US Commerce Secretary Gina Raimondo argued that China is driving away American companies by making investments in the world’s second-biggest economy increasingly hazardous.
(Bloomberg) — US Commerce Secretary Gina Raimondo argued that China is driving away American companies by making investments in the world’s second-biggest economy increasingly hazardous.
“Increasingly I hear from businesses, ‘China is uninvestible because it’s become too risky,’” Raimondo told reporters Tuesday aboard a high-speed train from Beijing to Shanghai. “There are the traditional concerns that they’ve become accustomed to dealing with. And then there’s a whole new set of concerns, the sum total of which is making China feel too risky for them to invest.”
The comments by Washington’s top trade promoter underscore that commerce has become one of the main strands of tension between the two powers, even as she and the Chinese officials she met with this week stressed that economic ties are key to sustaining a working relationship.
Read more: Raimondo Stresses Optimism on Economic Ties With China’s Premier
Raimondo said that US firms face novel challenges such as fines and ambiguity concerning China’s new anti-espionage law, in addition to existing issues including intellectual-property theft and competition with subsidized Chinese firms.
Raimondo is the latest high-level official from the Biden administration to travel to China in recent months as part of an effort by the White House to ease tensions between the two powers. Tensions have been high for months over multiple issues, from the future of Taiwan to a China-linked hack of US officials’ emails — including Raimondo’s.
Although it’s not clear whether the commerce secretary will meet with President Xi Jinping before her trip concludes Wednesday, she’s already spoken with officials including Premier Li Qiang, the country’s No. 2 leader. Raimondo also attended a four-hour bilateral meeting with her Chinese counterpart Wang Wentao on Monday.
Read more: Raimondo Says Trade Can Stabilize US-China Relationship
Li called economic ties between the two nations the “ballast and anchor of stability” and said that “we do hope the US side will work in same direction as the Chinese side, show sincerity and take concrete actions to maintain and further develop the bilateral relationship.”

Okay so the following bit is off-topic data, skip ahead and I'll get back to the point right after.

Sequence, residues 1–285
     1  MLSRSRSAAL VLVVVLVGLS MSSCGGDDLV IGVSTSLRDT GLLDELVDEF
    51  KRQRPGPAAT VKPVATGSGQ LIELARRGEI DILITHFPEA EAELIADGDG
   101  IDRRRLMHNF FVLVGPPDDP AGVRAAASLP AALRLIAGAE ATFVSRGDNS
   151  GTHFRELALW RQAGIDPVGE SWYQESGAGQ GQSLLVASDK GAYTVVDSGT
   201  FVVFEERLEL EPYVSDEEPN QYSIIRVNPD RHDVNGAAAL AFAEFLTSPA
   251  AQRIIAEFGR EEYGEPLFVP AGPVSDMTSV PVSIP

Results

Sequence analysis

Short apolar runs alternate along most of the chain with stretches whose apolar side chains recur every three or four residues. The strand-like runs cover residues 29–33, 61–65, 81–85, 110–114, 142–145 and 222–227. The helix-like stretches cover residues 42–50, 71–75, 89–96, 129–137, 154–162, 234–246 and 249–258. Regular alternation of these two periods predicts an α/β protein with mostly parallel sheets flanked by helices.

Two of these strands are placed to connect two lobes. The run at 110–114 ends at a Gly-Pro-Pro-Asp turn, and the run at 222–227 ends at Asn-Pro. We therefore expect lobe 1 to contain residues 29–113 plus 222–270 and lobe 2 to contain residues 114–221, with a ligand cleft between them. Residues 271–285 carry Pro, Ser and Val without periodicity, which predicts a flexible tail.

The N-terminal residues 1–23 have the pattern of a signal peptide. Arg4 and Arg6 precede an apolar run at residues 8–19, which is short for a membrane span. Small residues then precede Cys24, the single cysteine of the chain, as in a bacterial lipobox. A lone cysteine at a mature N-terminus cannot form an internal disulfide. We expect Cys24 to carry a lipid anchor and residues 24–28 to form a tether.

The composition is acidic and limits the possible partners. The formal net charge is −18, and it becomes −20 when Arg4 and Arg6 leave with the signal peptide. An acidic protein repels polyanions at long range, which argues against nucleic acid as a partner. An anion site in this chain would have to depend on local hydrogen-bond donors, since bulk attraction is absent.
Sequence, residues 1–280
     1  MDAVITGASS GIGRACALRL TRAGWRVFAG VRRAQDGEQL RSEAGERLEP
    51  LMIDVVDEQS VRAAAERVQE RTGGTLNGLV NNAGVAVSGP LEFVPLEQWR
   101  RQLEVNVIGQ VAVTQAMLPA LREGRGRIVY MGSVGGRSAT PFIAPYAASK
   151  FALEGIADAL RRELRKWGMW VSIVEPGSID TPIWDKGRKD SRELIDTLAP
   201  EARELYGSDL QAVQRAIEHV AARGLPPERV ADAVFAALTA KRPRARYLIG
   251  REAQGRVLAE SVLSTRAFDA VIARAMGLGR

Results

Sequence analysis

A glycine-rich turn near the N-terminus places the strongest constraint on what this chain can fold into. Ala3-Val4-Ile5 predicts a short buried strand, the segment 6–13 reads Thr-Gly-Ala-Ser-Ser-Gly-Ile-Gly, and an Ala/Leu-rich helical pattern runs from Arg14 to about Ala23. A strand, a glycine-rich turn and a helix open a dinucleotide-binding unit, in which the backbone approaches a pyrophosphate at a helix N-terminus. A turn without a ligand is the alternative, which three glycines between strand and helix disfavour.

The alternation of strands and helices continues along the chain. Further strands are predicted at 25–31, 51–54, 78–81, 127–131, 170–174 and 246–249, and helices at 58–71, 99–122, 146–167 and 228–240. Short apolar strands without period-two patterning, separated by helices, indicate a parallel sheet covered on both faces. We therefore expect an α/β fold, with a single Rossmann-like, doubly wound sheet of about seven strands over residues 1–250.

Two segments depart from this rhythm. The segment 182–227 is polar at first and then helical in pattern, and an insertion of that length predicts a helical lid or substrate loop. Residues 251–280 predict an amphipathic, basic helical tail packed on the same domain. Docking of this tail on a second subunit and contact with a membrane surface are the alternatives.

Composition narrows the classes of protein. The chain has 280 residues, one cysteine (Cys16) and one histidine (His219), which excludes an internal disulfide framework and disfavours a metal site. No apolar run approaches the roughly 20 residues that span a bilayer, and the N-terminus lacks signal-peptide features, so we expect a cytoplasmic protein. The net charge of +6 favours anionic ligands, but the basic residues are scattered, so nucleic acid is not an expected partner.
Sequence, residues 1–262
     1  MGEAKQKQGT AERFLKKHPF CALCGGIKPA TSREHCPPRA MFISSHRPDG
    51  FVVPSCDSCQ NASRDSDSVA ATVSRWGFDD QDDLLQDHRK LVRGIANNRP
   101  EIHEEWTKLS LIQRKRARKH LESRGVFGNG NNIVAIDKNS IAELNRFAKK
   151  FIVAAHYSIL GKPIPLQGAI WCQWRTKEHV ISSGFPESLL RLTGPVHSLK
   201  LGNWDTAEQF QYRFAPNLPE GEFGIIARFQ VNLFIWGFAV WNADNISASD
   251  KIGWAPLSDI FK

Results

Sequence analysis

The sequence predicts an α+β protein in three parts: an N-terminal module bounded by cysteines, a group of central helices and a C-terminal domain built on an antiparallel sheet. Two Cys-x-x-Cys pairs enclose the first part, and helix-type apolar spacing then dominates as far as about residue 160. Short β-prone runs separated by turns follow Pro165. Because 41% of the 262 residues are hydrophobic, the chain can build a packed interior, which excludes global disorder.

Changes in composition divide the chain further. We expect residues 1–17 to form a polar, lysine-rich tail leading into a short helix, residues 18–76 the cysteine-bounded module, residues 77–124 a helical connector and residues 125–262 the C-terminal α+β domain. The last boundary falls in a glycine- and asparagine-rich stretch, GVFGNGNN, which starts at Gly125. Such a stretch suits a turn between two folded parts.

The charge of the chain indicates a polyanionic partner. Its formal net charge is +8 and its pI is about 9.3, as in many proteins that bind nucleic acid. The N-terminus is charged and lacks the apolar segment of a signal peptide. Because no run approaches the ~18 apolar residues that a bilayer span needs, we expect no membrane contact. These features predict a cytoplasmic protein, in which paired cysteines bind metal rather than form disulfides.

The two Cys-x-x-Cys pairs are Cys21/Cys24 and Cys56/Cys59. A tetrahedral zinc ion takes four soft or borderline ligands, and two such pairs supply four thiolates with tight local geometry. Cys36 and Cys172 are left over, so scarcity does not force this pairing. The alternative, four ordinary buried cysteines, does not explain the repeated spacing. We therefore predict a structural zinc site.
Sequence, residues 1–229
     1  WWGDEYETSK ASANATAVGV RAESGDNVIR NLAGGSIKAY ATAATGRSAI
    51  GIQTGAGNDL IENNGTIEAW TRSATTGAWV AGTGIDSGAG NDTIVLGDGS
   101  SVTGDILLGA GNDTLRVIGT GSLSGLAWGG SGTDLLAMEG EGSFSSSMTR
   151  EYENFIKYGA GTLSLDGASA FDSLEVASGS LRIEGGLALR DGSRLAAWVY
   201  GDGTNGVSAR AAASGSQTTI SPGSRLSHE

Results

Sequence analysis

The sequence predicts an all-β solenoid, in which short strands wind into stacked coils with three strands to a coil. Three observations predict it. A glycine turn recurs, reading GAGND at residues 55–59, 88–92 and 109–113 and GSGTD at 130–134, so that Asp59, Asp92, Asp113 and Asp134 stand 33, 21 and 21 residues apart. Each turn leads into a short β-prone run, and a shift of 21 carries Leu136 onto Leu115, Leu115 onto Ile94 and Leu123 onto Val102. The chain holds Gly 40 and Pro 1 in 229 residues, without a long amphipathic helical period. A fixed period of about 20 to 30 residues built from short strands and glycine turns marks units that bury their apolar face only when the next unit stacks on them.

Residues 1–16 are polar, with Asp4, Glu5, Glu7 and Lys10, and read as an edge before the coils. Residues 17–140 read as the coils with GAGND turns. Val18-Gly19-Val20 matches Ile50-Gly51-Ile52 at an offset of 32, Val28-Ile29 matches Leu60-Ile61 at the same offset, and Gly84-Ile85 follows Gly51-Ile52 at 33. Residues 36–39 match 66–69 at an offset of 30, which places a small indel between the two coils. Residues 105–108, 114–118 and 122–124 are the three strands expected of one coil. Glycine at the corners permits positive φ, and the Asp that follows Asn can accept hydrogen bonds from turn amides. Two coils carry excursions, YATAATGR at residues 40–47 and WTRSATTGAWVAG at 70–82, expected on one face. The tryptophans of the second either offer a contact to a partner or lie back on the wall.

The premier also told Raimondo that China is working to ease market access, treat foreign companies the same as domestic firms and promote fair competition, as well as opening its doors wider to the outside world, according to a statement from the country’s foreign ministry.
The two sides said in separate statements that they aim to cooperate on shared challenges, including climate change and the fentanyl crisis.
Raimondo is seeking to boost trade and business while taking a hard line on security issues. In discussions with top Chinese officials over the past two days, Raimondo said she raised a number of commercial issues, including specific problems involving Intel Corp., Micron Technology Inc. and Boeing Co.
“Having Secretary Raimondo come here was very important for the business community because her No. 1 job is to promote trade between the United States and China,” Michael Hart, the president of AmCham China, said in an interview with Bloomberg Television earlier in the day. That economic connection is “one of the stabilizing forces in this relationship,” he said.
On Monday, the two sides agreed to more dialogue on commercial issues and to set up regular meetings to share information about the enforcement of US export controls, which were imposed by President Joe Biden’s administration to limit Beijing’s access to semiconductor technology.
Raimondo emphasized on Tuesday that opening lines of communication wouldn’t result in Beijing influencing US policy. She said she refused requests from Chinese officials during the visit that the US lower tariffs, cut export controls and scrap plans to limit some forms of outbound investment.
This new “information exchange” aims to build transparency and understanding about US laws, not open the floor for negotiation, Raimondo said. The group hosted its first meeting at the assistant secretary level earlier in the day Tuesday and agreed to discuss issues around trade secrets.
“The very fact that now we would have informal communication, be able to pick up the phone and talk, is a step forward,” Raimondo said. “It doesn’t mean when we talk, I’m going to compromise or concede. It means we have a shot at reducing miscalculation and sharing information.”
Raimondo also sought to draw a distinction between Beijing’s policies and the transparency she said the US has provided about export controls. She specifically cited Micron, which Beijing banned as a supplier of semiconductors for critical infrastructure in May, as the Chinese government said that there was a national security risk.
“Our export controls are clear, are transparent,” she said. “There’s been no rationale given around what’s happened to Micron. There’s been limited due process, and that’s why I brought it up.”
The US made clear to the Chinese government that export controls are used only for national security purposes, not competitive advantage, Raimondo said.
However, Chinese government subsidies creating overcapacity – whether in the legacy chip sector or in steel or aluminum – are bad for the market and US companies, she said.
The US won’t use export controls to deal with any chip glut but would use other tools at its disposal, she said. Last month, Raimondo specifically called out Chinese subsidies of legacy chips as a problem for the US and its allies.
–With assistance from Lin Cheng, Li Liu and Jacob Gu.
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